On the other end, I’m almost fanatic about keeping things that I could be reusing in some ways. I have way too many plastic and glass jars (will be working on whittling now my stock this year), I keep empty spray bottles to reuse them, rubber bands, plastic bags of all kinds (I use reusable bags when I go shopping but the rest of my family doesn’t and then there are the bags that come with the newspaper, that Greg bring back from the gym, the bread bags, etc…). I keep buttons from items of clothing that will be discarded because they can’t be donated. I agonize about keeping zippers (I don’t sew so I would never be in a position to reuse that!), metal buckles, parts that I think we might need. I keep all screws, nuts and doohickies that I come across.

    I don’t have a problem with thrift stores. For one, I rarely donate cash to organizations. I donate 99% of the items that I purge from our house to a couple of thrift stores in town even though we can’t take the tax deduction because we can’t itemize our return. I like that they provide volunteering opportunities for people who want/need to feel helpful, raise funds for causes that are important (to me), let people reuse items that would end up in a landfill otherwise, and allow me to purchase items for pennies on the dollar that will be useful to me. I love my breadmaker that I bought for under $10. I don’t use it all that often right now (diet!), but it’s a great appliance and it works just as well as a shiny new one from Walmart or Target or Amazon. I have many appliances from thrift stores. A lot of our furniture also came from thrift stores. A lot of my clothes as well. When the kids were little, a lot of their toys. I don’t think that thrift stores encourage consumerism at all, on the contrary. I think they allow people like me who want to be frugal to reuse “resources” and people who can’t afford a microwave but need one to purchase one for just $6.99.

    I could put much more thought into buying things used, I do buy an awful lot of things new. So this year I’m going to try to put more effort into resisting the impulse of getting new things. I keep an ongoing thriftstore wishlist on my phone that I check before I enter any thrift store so I focus on trying to find those items instead of randomly picking up things just because they’re cheap and used.

    I understand your point about being uncomfortable when redeeming a freebie offered by a business you wouldn’t frequent anyway. I love freebies so any of my moral high ground goes right out of the window when someone offers me one. Like you, I won’t drive across town to get that BOGO milkshake, but if I can put the business on my shopping rotation on a day when I happen to be driving by, I will stop and get it. For my birthday, I never did redeem the free food or beverage item from Starbucks because their window to redeem it is ridiculously short (2 days!) and it didn’t include a Wednesday, which is when I could be close to a Starbucks. As a matter of fact, there are several birthday freebies that I never did redeem (Auntie Anne’s pretzel, McAllister $5 off a meal…) However, I do redeem the Murphy USA freebies that are available at the station in town, even though I don’t get my gas there (I used to, though!) and I redeem those from Wawa even though I don’t get my gas there (but I have $5 invested in their app AND I do spend money there occasionally when my BFF and I meet for a cheap coffee date there). I don’t think I “deserve” anything and I hate that word as well. It’s so smug, the word “deserve”, I really should try to stop using it altogether. I won’t “scam” businesses out of a freebie but if they offer it, I will take them up on it. If you stop accepting freebies from businesses that you don’t normally frequent, I will applaud you while thinking “more for ME!”, hahaha. Just kidding.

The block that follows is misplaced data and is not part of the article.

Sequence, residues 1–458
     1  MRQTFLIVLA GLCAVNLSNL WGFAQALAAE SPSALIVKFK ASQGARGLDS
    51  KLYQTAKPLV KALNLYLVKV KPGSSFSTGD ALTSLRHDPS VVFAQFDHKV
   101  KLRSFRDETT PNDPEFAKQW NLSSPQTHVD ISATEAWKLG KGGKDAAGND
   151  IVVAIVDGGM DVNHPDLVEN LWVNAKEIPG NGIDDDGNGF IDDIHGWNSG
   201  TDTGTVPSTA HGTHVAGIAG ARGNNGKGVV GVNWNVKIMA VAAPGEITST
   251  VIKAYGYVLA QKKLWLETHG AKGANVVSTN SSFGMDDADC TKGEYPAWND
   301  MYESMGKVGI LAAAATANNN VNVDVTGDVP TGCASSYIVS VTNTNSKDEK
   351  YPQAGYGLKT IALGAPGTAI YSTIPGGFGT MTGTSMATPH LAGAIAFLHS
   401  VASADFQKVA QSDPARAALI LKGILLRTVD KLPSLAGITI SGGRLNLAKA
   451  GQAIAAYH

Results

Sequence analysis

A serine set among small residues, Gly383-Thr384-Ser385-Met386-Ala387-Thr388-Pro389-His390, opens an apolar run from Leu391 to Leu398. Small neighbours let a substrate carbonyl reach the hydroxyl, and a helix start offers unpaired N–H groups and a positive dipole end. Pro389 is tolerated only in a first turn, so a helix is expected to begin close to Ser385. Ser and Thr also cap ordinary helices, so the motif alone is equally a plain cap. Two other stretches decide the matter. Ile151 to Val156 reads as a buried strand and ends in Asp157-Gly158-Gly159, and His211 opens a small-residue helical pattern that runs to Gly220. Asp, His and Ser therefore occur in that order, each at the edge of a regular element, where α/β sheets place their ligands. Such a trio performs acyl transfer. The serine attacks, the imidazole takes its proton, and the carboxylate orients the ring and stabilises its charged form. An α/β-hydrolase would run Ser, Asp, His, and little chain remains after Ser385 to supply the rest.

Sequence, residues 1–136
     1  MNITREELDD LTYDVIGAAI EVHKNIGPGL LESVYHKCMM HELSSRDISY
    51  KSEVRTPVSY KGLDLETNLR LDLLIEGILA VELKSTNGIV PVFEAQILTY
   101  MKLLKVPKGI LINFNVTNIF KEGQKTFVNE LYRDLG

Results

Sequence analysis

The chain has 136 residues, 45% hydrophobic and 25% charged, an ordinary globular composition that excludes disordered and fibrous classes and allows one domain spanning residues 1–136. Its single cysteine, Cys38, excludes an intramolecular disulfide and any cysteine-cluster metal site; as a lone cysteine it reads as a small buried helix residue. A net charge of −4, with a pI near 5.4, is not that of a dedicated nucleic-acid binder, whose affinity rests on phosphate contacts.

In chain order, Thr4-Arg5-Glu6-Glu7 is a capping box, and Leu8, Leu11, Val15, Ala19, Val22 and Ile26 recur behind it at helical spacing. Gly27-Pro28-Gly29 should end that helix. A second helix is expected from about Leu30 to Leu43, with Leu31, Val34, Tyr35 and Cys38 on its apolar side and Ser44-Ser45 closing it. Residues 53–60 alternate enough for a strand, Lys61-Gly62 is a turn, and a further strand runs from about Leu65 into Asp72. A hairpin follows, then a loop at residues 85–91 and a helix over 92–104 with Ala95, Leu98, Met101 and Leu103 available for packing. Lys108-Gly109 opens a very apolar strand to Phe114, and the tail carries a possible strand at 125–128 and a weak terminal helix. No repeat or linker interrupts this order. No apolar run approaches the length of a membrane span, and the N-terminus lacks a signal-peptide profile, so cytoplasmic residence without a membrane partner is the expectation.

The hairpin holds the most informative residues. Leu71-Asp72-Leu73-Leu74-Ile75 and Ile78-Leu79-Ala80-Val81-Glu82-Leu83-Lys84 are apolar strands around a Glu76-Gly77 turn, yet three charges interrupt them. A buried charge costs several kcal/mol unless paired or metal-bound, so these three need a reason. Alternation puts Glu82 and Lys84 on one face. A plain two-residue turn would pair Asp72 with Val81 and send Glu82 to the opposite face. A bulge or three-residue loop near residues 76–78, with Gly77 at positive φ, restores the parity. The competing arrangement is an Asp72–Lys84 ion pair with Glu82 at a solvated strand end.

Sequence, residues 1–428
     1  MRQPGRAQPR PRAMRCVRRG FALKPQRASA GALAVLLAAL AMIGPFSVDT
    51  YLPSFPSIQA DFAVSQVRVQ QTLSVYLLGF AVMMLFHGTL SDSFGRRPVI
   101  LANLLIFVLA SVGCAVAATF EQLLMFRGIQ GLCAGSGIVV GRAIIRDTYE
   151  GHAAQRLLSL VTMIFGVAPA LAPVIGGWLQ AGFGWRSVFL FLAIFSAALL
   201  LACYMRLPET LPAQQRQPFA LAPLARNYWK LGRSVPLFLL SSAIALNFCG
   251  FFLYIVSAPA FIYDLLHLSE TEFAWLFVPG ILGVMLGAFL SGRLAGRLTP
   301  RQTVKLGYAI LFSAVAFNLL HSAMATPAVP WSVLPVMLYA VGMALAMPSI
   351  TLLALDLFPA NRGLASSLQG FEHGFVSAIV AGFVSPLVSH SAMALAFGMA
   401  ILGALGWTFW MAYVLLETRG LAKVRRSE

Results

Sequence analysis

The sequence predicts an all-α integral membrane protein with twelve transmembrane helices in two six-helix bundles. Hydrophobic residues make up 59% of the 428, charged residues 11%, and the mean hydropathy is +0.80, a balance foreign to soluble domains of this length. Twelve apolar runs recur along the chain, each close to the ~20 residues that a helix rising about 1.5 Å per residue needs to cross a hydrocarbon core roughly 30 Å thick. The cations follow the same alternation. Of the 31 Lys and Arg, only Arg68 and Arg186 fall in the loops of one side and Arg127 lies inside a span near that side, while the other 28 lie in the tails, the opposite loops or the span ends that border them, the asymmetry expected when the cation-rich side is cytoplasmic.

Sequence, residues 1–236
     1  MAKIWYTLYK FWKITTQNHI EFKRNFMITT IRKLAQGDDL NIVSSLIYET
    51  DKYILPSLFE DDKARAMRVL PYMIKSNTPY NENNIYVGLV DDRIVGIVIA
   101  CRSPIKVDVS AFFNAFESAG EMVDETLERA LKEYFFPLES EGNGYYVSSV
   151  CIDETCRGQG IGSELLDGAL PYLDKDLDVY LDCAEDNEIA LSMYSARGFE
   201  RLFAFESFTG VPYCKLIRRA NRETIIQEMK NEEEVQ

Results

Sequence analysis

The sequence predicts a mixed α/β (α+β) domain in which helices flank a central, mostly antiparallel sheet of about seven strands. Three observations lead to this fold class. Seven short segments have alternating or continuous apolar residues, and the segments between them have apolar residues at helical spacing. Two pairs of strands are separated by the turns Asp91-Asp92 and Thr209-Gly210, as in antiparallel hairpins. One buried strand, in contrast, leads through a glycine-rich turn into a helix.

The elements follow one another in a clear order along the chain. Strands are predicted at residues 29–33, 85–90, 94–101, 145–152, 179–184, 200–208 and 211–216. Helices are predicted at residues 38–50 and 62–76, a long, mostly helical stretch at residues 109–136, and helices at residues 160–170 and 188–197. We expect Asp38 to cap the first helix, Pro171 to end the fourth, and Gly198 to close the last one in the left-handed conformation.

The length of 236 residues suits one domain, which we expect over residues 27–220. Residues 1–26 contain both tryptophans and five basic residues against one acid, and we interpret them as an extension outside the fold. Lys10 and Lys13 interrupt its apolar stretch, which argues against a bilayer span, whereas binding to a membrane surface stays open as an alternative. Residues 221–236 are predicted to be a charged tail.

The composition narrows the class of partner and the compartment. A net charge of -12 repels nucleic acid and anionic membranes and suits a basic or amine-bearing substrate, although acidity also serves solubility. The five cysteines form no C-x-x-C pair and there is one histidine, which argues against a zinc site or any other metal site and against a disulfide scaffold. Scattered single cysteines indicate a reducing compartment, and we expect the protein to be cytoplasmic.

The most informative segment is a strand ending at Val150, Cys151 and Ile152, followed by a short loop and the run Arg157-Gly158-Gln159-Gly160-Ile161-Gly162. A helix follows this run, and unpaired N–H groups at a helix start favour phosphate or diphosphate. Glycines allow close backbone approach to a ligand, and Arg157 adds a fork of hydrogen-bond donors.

Sorry my comment is so rambling, I guess I got chatty on a cold Sunday morning as well 🙂 I think that like the recipes that you like to tweak, you will find the right “recipe” for this Compact experiment that works for you as the year unfolds. You don’t need to be perfect or an ascetic or even a minimalist. Just find what works for your lifestyle and experiment to see if your theoretical philosophy about shopping, consumerism, etc. is rewarding and fulfilling to you when you try to implement it or if it just causes you more stress. As time goes by, you will find the right balance for your own way of thinking and lifestyle.

    1. Chatty indeed! 🙂 Hmm…I suppose the cakes are simple in presentation, if not in execution for the decorator. Michael is also totally fine with going out to eat for a “real meal” but for whatever reason could care less about coffee shops or similar. I’m going to hold him to more of these in this year, though!

      You’re completely right that I am having to re-think a lot of what I have just ingested as someone totally immersed in consumer culture. I’m not a minimalist, either; I like having multiples of things I use frequently and thinks its silly to get rid of things that have a purpose IF I can see an actual fit for that purpose in our home. Which is the crux for my decluttering, of course. I don’t think thrift stores contribute to consumer culture, more I think that their contents are a huge testament to the consumer culture in which we live.
      The freebie thing…is just something I waffle on when I have the sudden smorgasbord of free treats and have to make decisions. I did use my Starbucks drink this year, although I think the two day thing is silly. There are some others with time limits that just don’t work for me and so on. I don’t think I’m scamming anyone, either, like I said they wouldn’t offer these rewards if they didn’t see some kind of perk to their bottom line. And I did totally enjoy my hot Krispy Kreme doughnut today! 🙂

      Thanks for the encouragement!!